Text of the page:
Professor of Finance
About this session
How much do we actually know about the risk of default in corporate debt? It turns out that in credit portfolios, even those that are well diversified and even over periods as long as 30-40 years, the rate of default that we observe will most often be significantly below the average. In other words, there is a long “tail” and this has many important implications. These include helping us to understand actual credit spreads and to assess the risk of bank equity.
About the speakers
Stephen Schaefer is Professor of Finance at London Business School where he is also the lead Academic Director of the School’s AQR Asset Management Institute. Formerly on the faculty of the Graduate School of Business at Stanford University, he has also been a visiting professor at the Universities of British Columbia, California (Berkeley), Cape Town, Chicago and Venice.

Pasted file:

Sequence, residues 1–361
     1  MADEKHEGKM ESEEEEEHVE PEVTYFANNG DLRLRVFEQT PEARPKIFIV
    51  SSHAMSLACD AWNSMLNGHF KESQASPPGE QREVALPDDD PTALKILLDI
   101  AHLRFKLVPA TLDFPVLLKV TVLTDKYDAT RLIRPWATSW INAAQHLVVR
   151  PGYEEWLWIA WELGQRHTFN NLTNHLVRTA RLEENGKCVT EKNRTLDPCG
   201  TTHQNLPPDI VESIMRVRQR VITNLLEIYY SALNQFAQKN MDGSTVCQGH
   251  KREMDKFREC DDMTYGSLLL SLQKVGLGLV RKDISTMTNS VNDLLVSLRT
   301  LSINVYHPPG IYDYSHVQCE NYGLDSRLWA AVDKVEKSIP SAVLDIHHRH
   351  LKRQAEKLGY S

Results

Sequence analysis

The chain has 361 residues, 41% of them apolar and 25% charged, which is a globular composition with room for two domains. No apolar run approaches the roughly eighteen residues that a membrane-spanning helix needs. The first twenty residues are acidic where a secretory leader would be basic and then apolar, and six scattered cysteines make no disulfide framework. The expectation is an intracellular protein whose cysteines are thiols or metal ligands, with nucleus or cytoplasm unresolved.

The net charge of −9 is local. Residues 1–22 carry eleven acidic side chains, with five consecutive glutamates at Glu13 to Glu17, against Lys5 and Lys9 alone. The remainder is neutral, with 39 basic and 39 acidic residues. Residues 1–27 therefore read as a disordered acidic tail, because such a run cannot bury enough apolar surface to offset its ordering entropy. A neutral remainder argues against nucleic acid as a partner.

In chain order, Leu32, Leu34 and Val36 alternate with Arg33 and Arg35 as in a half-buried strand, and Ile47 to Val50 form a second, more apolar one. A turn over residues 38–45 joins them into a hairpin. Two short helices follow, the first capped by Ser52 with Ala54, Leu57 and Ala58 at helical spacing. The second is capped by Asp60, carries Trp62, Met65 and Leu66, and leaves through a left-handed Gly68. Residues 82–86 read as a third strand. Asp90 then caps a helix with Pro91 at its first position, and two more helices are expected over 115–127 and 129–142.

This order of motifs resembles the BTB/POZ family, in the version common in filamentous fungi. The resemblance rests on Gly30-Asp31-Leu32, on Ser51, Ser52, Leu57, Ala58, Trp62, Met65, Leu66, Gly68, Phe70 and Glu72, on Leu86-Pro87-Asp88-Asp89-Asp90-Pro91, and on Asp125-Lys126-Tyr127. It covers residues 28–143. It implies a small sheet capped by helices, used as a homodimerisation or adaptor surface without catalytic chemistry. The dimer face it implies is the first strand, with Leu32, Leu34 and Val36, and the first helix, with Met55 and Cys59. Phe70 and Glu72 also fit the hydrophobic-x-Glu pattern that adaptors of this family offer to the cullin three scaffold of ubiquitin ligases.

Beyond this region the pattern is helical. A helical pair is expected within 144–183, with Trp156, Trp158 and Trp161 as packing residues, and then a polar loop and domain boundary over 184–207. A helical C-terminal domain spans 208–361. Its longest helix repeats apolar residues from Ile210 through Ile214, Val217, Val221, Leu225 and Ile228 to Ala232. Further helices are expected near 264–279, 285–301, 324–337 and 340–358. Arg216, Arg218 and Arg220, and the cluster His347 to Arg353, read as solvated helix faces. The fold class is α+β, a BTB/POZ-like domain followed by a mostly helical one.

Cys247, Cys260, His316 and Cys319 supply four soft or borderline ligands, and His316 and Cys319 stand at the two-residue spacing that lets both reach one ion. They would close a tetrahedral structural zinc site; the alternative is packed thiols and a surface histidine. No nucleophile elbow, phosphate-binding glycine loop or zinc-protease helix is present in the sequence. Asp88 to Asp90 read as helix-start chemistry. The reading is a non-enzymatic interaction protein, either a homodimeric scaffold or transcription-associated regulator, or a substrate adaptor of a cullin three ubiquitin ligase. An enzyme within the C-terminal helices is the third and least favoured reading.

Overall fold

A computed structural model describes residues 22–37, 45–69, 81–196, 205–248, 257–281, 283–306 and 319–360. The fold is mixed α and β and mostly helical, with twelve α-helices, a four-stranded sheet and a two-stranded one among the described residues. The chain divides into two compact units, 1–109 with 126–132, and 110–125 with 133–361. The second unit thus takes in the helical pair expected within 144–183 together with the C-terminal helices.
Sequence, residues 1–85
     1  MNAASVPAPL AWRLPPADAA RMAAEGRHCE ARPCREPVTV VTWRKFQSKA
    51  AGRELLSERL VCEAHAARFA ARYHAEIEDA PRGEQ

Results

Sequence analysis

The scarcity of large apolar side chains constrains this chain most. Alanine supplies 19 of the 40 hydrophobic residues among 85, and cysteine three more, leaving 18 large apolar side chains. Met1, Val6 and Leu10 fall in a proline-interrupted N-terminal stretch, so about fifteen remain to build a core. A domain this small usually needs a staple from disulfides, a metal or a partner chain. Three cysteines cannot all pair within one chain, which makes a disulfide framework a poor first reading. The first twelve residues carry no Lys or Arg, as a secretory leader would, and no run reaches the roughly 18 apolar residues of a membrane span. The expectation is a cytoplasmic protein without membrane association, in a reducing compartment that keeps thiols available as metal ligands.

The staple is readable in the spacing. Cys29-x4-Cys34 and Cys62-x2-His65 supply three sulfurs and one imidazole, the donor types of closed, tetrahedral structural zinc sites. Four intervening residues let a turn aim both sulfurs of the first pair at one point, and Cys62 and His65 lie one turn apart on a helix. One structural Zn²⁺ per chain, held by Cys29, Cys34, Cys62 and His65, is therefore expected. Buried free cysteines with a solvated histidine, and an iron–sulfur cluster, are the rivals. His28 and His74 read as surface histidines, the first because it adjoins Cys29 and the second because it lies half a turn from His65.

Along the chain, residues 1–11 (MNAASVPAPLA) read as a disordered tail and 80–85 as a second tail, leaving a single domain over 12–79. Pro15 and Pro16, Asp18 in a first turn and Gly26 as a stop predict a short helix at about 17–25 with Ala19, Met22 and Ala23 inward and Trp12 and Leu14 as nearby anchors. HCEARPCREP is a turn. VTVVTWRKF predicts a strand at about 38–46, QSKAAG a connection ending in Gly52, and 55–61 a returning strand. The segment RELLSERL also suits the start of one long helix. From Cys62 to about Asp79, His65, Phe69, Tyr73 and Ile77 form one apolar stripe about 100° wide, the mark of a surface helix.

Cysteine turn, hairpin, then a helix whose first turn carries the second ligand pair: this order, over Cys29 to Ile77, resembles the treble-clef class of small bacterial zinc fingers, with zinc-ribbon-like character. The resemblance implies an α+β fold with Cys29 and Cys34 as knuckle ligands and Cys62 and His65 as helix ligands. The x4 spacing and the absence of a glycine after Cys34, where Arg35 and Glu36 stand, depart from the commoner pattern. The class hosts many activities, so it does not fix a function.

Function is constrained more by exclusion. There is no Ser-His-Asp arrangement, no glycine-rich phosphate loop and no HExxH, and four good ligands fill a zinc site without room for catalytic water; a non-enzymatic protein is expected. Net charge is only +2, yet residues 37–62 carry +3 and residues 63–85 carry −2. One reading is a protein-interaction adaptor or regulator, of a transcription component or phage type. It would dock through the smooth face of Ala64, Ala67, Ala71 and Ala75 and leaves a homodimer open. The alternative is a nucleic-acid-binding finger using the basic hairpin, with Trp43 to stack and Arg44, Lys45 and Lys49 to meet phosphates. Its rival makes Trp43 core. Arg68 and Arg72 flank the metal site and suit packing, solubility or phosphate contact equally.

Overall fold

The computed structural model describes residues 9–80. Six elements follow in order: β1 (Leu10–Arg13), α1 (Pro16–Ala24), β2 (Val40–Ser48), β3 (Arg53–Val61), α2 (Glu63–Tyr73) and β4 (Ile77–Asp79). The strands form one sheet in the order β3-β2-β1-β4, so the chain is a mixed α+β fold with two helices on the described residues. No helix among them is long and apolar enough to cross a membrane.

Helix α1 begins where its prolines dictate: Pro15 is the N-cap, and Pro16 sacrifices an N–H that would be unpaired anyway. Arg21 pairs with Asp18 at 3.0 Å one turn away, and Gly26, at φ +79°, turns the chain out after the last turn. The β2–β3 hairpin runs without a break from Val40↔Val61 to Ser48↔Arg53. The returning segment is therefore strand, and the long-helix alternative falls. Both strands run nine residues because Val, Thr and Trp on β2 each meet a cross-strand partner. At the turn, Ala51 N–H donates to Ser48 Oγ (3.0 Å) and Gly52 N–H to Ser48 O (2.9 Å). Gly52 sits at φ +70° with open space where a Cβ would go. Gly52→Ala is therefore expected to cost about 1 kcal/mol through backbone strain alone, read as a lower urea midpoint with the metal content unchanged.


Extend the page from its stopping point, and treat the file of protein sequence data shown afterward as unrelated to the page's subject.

He has published widely on fixed income markets, risk management, credit risk and financial regulation. His recent research includes a study of corporate default in the US over the past 150 years which was awarded first prize in the 2011 Fama/DFA award for the Best Paper Published in the Journal of Financial Economics in the Areas of Capital Markets and Asset Pricing. In 2016 another recent paper on credit risk was award a Jack Treynor prize by the Q-group.
Outside academic life, Stephen Schaefer has consulted widely for financial institutions and is a co-author of two major reports for the Norwegian Ministry of Finance on the management of the Norwegian Government Pension Fund (the “Oil Fund”). At various times he has been an Independent Board Member of the Securities and Futures Authority, a Senior Research Advisor to Moody’s KMV, a Non-Executive Director of Leo Fund Management, a Trustee-Director of Smith Breeden Mutual Funds and a member of Moody’s Academic Research and Advisory Committee.